Essentiality and topological properties of the human network. (A) Relationship between protein degree and essentiality. Protein degree and the percentage of essential genes (blue) demonstrate a positive linear relationship (p-value of 2.52 × 10-6, r2 = 0.92). Excluding overlapping disease-associated genes from the essential set (purple) does not alter the relationship (p-value of 9.87 × 10-6 r2 = 0.89). (B) Relationship between protein betweenness centrality and essentiality. As for panel A, but for betweenness centrality. The percentage of essential genes (blue) demonstrate a positive linear relationship with betweenness (p-value of 5.86 × 10-5, r2 = 0.90). Similarly excluding overlapping disease-associated genes from the essential set (orange) does not alter the relationship, (p-value of 6.14 × 10-5, r2 = 0.88). (C) Relationship between publication count and essentiality. Essential genes (green) have an average greater publication count than non-essential genes (grey): 64 to 14 publications, respectively.
Figure 5
Figure 5
Essentiality and HIV-interacting proteins. (A) Visualisation of essential proteins amongst HIV-interacting proteins. Green squares correspond to human proteins identified as essential from mouse knockout data. Black squares and red circles correspond to human and HIV proteins, respectively. Pink edges correspond to interactions between HIV-1 and human proteins, as shown in Figure 4. HIV proteins are labelled accordingly. (B) Number of essential proteins amongst HIV and randomised data sets. Without correcting for bias, rand(pop)contained an average 143 (9.99%) essential proteins, compared to 376 (26.28%) essential proteins in the HIV set (p-value of 3.86 × 10-95). When the bias is corrected for, rand(lit)contains an average 399 (27.88%) essential genes, whilst being under-represented, the result is not significant (p-value of 0.0574) and is hence similar to the HIV-1 interacting sample.
Figure 6
Figure 6
Disease association and topological properties of the human network. (A) Relationship between protein degree and disease-association. Protein degree and the percentage of disease-associated genes (blue) demonstrate a slight positive linear relationship (p-value of 0.02). Excluding overlapping essential genes from the disease-associated set (purple) removes the relationship (p-value of 0.29). (B) Relationship between protein betweenness centrality and disease-association. As for panel A, but for betweenness centrality. The percentage of disease-associated genes (blue) demonstrate a positive linear relationship with betweenness, (p-value of 0.01). Similarly excluding overlapping essential genes from the disease-associated set (orange) removes the relationships, (p-value of 0.45). (C) Relationship between publication count and disease-association. Disease-associated genes (green) have an average greater publication count than non-disease-associated genes (grey), 67 to 16 publications, respectively.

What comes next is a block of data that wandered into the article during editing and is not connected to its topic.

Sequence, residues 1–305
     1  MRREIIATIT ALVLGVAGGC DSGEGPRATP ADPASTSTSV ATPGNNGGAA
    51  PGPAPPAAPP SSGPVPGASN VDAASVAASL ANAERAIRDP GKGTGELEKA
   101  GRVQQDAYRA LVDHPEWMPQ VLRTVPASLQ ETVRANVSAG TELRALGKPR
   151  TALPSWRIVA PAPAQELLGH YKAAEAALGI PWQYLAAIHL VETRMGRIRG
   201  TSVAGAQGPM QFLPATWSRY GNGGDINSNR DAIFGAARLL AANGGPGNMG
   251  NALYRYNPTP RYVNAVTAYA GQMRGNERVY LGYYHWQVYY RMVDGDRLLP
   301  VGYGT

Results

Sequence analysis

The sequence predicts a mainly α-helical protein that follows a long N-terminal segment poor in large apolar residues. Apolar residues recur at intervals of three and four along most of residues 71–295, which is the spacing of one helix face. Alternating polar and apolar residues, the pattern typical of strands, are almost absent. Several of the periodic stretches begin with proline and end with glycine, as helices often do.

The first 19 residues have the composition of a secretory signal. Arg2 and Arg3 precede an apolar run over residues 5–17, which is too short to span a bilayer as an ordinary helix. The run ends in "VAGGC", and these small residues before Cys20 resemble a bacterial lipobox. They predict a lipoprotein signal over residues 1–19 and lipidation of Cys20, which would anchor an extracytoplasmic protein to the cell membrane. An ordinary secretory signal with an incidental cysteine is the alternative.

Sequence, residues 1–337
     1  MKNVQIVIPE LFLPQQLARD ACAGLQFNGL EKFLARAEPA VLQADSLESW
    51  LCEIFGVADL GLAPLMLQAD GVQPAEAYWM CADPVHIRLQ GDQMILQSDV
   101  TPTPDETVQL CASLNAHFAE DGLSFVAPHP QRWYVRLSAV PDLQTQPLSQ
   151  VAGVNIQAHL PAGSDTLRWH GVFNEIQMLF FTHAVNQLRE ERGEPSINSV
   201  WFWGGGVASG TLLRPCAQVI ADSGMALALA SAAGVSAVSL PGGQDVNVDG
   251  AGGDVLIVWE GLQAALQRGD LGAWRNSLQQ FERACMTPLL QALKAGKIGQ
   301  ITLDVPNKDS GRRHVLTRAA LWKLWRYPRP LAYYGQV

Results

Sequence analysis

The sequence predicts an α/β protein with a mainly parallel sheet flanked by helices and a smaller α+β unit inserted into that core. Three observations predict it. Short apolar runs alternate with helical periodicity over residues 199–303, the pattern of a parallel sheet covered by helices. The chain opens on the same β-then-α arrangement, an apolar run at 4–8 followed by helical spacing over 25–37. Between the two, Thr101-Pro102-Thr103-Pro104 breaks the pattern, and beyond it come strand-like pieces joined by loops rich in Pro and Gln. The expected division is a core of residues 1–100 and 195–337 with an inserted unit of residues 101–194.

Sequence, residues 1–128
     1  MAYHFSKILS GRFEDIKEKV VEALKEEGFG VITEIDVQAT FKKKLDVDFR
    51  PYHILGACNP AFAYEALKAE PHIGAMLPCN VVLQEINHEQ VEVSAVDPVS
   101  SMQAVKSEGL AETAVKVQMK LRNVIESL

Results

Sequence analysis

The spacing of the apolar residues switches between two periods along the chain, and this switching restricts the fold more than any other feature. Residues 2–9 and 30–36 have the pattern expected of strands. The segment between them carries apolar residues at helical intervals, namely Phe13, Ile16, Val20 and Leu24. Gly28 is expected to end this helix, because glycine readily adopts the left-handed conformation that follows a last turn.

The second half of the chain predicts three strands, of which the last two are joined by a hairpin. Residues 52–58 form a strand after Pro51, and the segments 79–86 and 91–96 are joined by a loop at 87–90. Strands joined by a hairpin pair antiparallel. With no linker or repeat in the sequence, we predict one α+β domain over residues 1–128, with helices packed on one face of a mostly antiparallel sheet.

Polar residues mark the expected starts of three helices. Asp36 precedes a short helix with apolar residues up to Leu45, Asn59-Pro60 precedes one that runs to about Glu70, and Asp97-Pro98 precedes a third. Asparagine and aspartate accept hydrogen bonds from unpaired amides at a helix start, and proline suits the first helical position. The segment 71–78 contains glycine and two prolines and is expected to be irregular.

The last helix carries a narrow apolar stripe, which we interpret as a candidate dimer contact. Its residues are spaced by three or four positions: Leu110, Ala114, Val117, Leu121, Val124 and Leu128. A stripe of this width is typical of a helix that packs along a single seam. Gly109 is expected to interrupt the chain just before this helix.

Figure 7
Figure 7
Disease association and HIV-interacting proteins. (A) Visualisation of disease-associated genes amongst HIV-interacting proteins. Blue squares correspond to human proteins identified in OMIM as being disease-associated. Black squares and red circles correspond to human and HIV proteins, respectively. Pink edges correspond to interactions between HIV-1 and human proteins, as shown in Figure 4. HIV proteins are labelled accordingly. (B) Number of disease associated genes amongst HIV and randomised data sets. Without correcting for bias, rand(pop)contained an average 120 (8.39%) disease-associated genes, compared to 244 (17.05%) disease-associated genes in the HIV set (p-value of 8.58 × 10-32). When the bias is corrected for, rand(lit)contains an average 336 (23.48%) disease-associated genes, which is different to the HIV-1 interacting sample (p-value of 3.48 × 10-12).
Figure 8
Figure 8
Protein degree (A) and betweenness centrality (B) for proteins involved in key cellular processes. The degree and betweenness centrality for proteins involved in the key over-represented biological processes GO terms from [4]. Grey dashed lines correspond to the average degree (2.63) and betweenness centrality (2.33 × 10-5) amongst the human-human protein interaction network. The functionally over-represented proteins have a mean degree and betweenness of 7.27 and 7.40 × 10-5, respectively. P-values (from Wilcoxon rank-sum test) < 0.05 are indicated by an asterisk (*) above the data-points, suggesting the degree/betweenness distribution for each GO term is significantly different than that for all GO terms.
Figure 9
Figure 9
Directionality of HIV-host interactions by functional category. The frequency of interaction types classified as positive (green), negative (red) or neutral (blue) according to functional categories over-represented for HIV interactions; see Results for further details.